Obesity and psychosocial well-being among patients with cancer

In a study published in Psycho-Oncology, excess weight was linked with poorer psychosocial health among older adults diagnosed with breast cancer or prostate cancer. The association was not seen in older patients with colon cancer, however.

In the study of 4,159 patients, obesity was consistently associated with a greater burden of symptoms and with experiences of distress among patients with breast or prostate cancer. Few weight-based differences were observed among patients with colon cancer, but this group tended to have significant symptoms and distress regardless of patients' weight.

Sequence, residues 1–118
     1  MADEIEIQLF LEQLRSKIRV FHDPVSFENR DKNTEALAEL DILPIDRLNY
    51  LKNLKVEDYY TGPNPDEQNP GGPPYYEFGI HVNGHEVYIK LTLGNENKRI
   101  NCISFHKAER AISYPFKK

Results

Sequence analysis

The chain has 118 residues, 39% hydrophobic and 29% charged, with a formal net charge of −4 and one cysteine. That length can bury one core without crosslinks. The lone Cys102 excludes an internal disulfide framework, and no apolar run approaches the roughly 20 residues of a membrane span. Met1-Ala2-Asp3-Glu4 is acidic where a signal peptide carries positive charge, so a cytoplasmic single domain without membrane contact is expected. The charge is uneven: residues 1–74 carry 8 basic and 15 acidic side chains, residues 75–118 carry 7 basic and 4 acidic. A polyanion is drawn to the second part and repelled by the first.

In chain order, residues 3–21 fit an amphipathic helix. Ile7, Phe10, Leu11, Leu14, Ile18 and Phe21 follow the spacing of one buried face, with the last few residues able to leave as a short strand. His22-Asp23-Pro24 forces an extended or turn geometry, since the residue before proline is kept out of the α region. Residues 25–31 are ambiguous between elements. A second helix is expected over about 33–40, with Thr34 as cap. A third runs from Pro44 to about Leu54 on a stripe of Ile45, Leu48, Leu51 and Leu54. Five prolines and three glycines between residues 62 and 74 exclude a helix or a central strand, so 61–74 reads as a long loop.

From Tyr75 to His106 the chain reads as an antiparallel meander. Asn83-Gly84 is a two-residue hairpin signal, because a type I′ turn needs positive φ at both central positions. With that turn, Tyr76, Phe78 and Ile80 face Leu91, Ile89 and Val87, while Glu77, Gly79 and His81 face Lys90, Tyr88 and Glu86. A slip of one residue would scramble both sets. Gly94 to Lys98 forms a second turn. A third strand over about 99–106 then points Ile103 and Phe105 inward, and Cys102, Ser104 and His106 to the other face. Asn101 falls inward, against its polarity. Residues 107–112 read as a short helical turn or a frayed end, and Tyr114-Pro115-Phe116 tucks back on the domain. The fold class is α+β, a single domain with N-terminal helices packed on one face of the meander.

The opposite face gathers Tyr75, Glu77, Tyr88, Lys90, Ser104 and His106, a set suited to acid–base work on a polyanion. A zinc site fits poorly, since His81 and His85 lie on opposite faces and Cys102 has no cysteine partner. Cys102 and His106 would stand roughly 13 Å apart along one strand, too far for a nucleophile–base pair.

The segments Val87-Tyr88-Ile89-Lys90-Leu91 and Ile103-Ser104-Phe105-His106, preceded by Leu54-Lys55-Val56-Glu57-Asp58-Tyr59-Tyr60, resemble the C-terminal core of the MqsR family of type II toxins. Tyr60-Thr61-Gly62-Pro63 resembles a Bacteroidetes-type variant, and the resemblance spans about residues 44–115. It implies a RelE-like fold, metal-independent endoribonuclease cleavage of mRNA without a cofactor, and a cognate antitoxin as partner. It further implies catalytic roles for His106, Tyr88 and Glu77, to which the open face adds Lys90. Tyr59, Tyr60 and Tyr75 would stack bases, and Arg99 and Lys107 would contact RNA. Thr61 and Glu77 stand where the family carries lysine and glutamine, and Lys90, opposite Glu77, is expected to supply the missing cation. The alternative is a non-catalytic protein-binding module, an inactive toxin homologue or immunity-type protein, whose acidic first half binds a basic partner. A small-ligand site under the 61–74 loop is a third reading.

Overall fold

Across all patients, the most frequent problems related to sleeping, finances, feeling anxious or fearful, pain, feeling down or depressed, managing emotions, and, fear of medical procedures.

"These findings among a large cohort of patients provide insight into the impact of obesity during the cancer care trajectory and can provide guidance in the development and implementation of supportive care services for this 'at-risk' population," the authors wrote.


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More information: Errol J. Philip et al, Obesity and psychosocial well‐being among cancer patients and survivors, Psycho-Oncology (2019). DOI: 10.1002/pon.5181
Journal information: Psycho-Oncology

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